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|Título:||Gallic acid and cyclodextrins : inclusion complexes and antimicrobial activity|
|Autor(es):||Pinho, Eva Patrícia Paiva Santos|
Soares, Graça M. B.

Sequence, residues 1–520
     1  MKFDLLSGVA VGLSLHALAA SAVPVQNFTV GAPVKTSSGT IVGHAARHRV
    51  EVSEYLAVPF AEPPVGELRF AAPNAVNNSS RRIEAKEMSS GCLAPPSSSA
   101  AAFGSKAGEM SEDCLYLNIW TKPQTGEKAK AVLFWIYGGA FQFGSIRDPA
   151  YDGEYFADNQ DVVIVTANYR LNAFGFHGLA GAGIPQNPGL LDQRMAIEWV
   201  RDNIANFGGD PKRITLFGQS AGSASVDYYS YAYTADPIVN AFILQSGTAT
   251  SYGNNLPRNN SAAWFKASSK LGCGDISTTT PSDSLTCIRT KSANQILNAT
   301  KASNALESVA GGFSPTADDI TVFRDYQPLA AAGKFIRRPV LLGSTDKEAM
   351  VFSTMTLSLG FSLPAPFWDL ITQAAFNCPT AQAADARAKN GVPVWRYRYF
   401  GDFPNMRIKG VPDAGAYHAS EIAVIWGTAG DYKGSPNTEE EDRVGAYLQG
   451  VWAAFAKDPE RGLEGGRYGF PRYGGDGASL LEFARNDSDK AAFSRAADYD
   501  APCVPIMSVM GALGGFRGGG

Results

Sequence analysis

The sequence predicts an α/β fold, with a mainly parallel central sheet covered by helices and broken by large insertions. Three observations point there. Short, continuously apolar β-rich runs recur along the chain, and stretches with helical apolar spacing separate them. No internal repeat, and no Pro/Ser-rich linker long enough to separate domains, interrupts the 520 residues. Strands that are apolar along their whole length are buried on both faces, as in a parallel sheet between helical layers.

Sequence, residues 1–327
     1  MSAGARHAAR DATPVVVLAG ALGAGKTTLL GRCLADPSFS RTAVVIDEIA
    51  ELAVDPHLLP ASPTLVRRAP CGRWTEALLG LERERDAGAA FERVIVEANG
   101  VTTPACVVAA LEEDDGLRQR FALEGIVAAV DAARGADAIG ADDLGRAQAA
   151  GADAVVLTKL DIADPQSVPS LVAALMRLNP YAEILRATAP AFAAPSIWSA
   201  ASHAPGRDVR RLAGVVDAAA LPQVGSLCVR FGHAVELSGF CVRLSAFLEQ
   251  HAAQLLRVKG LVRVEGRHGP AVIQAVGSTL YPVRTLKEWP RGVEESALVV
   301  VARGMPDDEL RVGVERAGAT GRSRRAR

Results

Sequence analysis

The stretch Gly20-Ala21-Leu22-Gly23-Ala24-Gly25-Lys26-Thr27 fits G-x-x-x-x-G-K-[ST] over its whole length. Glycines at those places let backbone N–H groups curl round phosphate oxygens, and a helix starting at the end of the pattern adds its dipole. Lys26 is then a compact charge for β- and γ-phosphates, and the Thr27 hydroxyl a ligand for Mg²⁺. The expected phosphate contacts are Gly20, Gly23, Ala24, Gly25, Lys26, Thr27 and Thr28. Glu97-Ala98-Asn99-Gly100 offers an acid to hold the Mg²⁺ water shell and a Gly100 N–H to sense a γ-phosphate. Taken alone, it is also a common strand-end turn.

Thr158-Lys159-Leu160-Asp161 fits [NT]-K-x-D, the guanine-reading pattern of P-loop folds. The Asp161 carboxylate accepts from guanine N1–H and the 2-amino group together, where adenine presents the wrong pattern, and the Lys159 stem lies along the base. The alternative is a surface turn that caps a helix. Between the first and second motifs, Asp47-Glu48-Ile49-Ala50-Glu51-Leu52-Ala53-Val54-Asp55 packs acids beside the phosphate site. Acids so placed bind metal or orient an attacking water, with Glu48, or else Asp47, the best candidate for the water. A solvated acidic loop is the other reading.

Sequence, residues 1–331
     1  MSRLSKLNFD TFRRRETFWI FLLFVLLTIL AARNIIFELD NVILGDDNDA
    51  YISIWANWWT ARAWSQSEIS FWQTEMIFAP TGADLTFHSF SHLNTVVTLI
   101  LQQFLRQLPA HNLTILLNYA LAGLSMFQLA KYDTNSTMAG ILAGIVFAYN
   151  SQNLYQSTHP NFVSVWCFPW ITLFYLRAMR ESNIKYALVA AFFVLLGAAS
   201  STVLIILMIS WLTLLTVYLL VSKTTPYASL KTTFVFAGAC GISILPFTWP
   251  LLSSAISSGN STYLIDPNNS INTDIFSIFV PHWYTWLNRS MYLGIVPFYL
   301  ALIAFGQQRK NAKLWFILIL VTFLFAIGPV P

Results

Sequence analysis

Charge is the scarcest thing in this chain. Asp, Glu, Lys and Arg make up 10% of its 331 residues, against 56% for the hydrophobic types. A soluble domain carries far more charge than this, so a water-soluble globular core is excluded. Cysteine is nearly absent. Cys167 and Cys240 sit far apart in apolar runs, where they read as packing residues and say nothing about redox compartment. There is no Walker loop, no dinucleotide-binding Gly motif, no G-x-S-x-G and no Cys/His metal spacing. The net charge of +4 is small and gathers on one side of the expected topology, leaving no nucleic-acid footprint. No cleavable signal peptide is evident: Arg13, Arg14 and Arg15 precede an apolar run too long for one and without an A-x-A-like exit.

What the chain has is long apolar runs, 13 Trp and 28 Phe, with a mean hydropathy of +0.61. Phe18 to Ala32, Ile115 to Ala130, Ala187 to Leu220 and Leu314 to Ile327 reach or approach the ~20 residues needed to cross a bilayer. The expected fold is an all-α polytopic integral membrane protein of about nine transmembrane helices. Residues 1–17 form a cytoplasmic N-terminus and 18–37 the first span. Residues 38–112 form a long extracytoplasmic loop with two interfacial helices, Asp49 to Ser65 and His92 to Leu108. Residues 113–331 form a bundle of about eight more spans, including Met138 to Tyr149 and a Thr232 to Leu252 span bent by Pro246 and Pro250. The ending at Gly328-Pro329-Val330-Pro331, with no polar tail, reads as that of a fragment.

|Resumo(s):||Gallic acid (GA), or 3,4,5-trihydroxybenzoic acid, is the commonest and simplest phenolic acid, with just one aromatic ring. This phenolic molecule has been described as antioxidant, anti-inflammatory and anti-tumour, also, antimicrobial and anti-fungal activity has been attributed to it. Besides all the GA biological activities, this compound is cheap, due to the easy plant extraction, and non-toxic. Thus, this phenolic acid has been widely used in food, drugs and cosmetic industry. GA, as other phenolic compounds, is susceptible to environmental factors which may lead to the losing their structural integrity and bioactivity. This can be overcome by the encapsulation with cyclodextrins (CD). They are cyclic oligosaccharides arising from the degradation of starch; inexpensive and friendly to humans. CD are able to form an inclusion complex with a wide range of bioactive molecules, including hydrophobic ones, protect and modulate their release. In the present work, the formation of an inclusion complex (IC) between βCD, HPβCD (2-Hydroxypropyl-β-cyclodextrin) or MβCD (methyl-β-cyclodextrin) and GA was analysed by UV spectrophotometry. The antimicrobial activity of the complexes was also assessed, by qualitative and quantitative methods. The influence of the buffer and pH on the formation of the IC and on the GA antimicrobial activity was also tested. The IC formation was analysed in 2 buffer solutions (K2HPO4/ KH2PO4 and H3PO4/NaOH). The GA and IC absorbance spectrum showed different appearances depending on the buffer used. When K2HPO4/ KH2PO4 was used, the IC spectrum presented some alterations on the λmax comparatively to the GA spectrum. Since, the GA and ICs spectra obtained for the H3PO4/NaOH were similar, this buffer was selected. The IC formation between GA and βCD, HPβCD or MβCD was analysed at pH 5, 7 and 8. Based on the results it was clear that the pH used affected the IC formation in the conditions tested. The βCD formed IC 1:1 with GA for all pH values, being the pH5 the most favourable. The same was observed for MβCD, but these CD had the lowest values for the association constant, meaning that the IC formation between MβCD and GA is not very efficient. Regarding the HPβCD, in neutral pH the IC formed was 1:2 and for the others pH was 1:1, pH5 was the most favourable for the IC formation and pH7 the least. The antimicrobial activity was assessed for the best combinations of GA/CD (βCD pH5 and pH7; HPβCD pH5 and pH8). For all the IC tested, the antimicrobial activity of GA was improved or alike to the GA without encapsulation. To the authors knowledge, the IC formation between HPβCD or MβCD and GA has not been reported until know, as well as the antimicrobial activity of the IC βCD/GA and HPβCD/GA.|
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